High content imaging in primary models for near-patient drug repurposing and drug discovery
It is currently difficult to accurately predict efficacy and toxicity of emerging drugs in the clinic using conventional models of disease, particularly at the level of individual patients. This makes it challenging to nominate drug candidates to clinical studies based on accumulated preclinical data, and to match patients to these treatments. In the ideal scenario, cells from multiple patients or donors would be used early in the drug discovery pipeline to understand drug response in models that accurately reflect both disease biology and variability. Furthermore, the same readouts of efficacy and safety could follow each drug into the clinic as a companion precision diagnostic. However, there are currently few methods that enable use of primary material at a scale and cost, such that they can realistically support the full life cycle of drug discovery project at an early stage. In this talk we describe our efforts to bring highly miniaturized primary 3D models to drug discovery. We use microfluidics to generate 3D structures composed of 80-100 cells and high content imaging to characterize drug response. We have preliminary data that miniaturized liver models generated using this approach retain albumin secretion and metabolic activity characteristic of the primary cell phenotype. In addition, we touch upon similar development of primary models and imaging assays for drug profiling cells from ovarian cancer patients. We call this platform Drug Efficacy Testing in Ex Vivo Cultures (DETECt). In this setting we can discriminate between patients with a progression-free interval > 12 months and < 12 months based on the drug response score for the standard of therapy treatment, carboplatin, measured using the DETECt platform.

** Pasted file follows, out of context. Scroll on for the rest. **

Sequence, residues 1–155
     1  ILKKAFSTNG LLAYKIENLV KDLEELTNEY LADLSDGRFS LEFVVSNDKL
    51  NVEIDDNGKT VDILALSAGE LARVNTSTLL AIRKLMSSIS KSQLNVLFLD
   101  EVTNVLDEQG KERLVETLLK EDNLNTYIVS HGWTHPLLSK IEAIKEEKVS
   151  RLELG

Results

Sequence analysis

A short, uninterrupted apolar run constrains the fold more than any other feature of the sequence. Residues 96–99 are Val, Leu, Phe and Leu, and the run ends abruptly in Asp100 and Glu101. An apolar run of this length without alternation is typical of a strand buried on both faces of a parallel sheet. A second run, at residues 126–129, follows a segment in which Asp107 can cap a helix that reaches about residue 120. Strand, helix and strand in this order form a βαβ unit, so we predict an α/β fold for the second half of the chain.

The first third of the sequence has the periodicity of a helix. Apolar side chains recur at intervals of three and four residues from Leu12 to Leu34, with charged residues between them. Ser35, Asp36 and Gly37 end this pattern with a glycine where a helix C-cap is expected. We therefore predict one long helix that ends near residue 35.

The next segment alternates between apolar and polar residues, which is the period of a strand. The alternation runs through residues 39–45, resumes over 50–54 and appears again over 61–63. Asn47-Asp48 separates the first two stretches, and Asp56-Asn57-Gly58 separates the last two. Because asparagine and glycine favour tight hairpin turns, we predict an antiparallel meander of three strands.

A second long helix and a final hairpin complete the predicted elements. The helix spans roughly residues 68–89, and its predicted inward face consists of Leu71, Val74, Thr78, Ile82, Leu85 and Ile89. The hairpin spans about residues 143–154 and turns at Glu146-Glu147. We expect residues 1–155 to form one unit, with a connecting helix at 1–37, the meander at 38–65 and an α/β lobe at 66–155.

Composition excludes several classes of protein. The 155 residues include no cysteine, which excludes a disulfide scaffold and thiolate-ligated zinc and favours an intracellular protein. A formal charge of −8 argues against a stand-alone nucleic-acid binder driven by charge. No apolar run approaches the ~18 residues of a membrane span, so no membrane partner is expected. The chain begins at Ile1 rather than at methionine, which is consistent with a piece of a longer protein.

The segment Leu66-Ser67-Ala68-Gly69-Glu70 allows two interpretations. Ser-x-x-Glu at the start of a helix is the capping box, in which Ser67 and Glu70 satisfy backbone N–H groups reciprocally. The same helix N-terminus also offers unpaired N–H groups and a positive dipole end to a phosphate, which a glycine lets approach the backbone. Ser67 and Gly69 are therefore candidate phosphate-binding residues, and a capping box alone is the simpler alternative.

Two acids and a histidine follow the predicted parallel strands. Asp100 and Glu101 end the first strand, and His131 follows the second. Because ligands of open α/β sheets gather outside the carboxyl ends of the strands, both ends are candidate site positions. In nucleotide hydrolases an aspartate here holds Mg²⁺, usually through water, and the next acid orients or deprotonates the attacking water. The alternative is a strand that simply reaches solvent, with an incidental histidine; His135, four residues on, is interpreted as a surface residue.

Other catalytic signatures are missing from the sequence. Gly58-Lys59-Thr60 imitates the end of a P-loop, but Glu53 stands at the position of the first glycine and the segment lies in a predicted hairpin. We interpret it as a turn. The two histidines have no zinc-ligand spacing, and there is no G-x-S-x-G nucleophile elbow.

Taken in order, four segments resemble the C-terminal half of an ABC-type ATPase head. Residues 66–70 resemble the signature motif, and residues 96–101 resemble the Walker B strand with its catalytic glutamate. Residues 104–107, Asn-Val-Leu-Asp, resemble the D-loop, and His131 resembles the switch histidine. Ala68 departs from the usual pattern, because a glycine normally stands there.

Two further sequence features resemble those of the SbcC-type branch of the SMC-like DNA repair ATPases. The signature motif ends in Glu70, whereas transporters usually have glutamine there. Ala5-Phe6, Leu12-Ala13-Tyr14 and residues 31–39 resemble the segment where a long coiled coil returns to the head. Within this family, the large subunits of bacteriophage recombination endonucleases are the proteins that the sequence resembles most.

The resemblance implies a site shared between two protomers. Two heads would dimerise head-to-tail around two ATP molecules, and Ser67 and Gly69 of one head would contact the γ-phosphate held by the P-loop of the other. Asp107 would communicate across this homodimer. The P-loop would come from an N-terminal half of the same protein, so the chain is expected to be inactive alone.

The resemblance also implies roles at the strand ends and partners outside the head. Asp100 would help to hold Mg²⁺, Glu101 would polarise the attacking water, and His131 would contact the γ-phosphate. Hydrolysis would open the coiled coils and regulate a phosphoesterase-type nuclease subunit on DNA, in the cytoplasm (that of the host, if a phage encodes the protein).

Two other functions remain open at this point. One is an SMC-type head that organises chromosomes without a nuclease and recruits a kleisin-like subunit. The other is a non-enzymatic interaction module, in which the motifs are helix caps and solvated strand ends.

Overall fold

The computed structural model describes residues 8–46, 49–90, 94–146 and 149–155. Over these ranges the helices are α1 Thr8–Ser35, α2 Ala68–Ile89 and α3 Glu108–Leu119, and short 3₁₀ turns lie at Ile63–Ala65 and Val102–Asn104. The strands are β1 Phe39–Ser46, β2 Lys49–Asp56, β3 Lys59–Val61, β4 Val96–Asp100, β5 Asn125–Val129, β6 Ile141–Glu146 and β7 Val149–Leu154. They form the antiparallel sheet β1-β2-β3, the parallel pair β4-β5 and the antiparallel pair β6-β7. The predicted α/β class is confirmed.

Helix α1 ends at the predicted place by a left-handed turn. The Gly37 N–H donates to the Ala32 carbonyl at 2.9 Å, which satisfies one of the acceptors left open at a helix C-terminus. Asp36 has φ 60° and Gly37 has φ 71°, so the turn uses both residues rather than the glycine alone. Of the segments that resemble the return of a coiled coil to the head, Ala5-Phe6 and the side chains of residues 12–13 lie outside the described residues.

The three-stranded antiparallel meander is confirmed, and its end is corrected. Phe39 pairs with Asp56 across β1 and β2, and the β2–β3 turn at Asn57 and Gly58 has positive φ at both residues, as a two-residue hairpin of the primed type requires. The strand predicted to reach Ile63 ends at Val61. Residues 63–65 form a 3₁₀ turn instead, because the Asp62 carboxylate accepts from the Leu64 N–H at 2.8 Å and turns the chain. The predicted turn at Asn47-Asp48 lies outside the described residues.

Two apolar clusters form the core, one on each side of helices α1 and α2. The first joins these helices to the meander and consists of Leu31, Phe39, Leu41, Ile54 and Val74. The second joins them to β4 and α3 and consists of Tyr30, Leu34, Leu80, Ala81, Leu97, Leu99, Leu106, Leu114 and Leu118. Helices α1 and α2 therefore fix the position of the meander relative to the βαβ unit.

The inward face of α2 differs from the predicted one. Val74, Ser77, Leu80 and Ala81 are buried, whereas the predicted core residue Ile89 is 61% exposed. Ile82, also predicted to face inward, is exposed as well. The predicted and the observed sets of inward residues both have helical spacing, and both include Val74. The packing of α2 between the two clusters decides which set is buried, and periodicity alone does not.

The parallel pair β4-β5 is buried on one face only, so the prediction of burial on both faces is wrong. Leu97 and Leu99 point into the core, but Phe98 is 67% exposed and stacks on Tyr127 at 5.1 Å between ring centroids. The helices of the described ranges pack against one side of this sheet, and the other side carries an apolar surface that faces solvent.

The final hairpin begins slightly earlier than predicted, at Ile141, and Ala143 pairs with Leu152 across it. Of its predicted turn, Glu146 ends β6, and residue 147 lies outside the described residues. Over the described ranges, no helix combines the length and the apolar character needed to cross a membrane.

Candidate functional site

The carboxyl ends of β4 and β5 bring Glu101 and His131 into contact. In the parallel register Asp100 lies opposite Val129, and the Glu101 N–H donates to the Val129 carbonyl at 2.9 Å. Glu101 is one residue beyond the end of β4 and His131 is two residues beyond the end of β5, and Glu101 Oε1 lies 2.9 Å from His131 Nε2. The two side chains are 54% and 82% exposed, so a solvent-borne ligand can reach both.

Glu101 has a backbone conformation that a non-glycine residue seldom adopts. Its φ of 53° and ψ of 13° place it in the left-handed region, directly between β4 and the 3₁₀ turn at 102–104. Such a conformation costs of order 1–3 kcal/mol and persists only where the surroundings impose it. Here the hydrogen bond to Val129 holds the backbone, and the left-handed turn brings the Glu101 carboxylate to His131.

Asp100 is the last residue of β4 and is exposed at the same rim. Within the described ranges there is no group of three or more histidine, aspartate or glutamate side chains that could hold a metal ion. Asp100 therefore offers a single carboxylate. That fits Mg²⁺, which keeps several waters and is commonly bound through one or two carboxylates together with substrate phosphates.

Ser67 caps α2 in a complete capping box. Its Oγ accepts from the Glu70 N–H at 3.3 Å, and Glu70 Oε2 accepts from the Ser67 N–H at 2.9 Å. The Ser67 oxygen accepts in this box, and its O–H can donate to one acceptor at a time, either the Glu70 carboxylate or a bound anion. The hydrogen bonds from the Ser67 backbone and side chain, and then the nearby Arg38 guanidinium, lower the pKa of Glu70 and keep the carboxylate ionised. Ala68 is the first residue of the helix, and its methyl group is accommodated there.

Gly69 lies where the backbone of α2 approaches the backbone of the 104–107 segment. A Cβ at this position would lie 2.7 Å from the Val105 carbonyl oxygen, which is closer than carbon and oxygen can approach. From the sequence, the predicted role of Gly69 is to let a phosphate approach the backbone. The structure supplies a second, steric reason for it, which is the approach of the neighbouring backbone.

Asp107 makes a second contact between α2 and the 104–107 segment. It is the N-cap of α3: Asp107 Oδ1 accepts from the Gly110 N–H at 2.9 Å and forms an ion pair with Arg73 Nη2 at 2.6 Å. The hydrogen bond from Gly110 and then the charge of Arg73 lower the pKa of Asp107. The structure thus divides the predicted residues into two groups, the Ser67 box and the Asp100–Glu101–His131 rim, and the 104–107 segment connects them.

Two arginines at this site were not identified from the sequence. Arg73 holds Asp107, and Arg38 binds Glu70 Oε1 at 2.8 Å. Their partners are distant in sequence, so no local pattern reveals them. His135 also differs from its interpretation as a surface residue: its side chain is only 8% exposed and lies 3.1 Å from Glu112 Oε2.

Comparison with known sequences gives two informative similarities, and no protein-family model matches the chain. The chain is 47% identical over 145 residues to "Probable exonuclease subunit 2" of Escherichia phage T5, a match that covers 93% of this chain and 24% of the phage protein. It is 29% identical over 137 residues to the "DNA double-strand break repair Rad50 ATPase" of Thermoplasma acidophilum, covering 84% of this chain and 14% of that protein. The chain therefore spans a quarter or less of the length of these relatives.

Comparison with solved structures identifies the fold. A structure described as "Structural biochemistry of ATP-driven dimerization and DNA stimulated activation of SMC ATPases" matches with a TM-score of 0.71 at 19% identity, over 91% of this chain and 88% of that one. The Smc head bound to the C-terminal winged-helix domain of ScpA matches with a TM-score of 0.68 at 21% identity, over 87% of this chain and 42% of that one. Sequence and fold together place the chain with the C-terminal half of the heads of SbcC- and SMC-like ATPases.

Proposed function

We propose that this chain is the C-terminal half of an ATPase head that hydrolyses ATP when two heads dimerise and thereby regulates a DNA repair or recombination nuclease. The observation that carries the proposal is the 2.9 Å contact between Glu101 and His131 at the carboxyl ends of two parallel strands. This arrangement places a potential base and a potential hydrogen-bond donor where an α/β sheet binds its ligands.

Brinton Seashore-Ludlow, Ph.D.
Brinton Seashore-Ludlow received her Ph.D. from KTH in 2012. Following her Ph.D. coursework, she did her postdoc in the lab of Stuart Schreiber at the Broad Institute of Harvard and MIT. Her work there focused on elucidating predictors of drug response in a large-scale cell line profiling dataset. Seashore-Ludlow then moved to the Chemical Biology Consortium Sweden at SciLifeLab. There she developed several high-throughput adaptations of the cellular thermal shift assay (CETSA). Currently Seashore-Ludlow is an assistant professor of the team headed by Olli Kallioniemi at SciLifeLab. Her work focuses on high-content imaging in primary cells.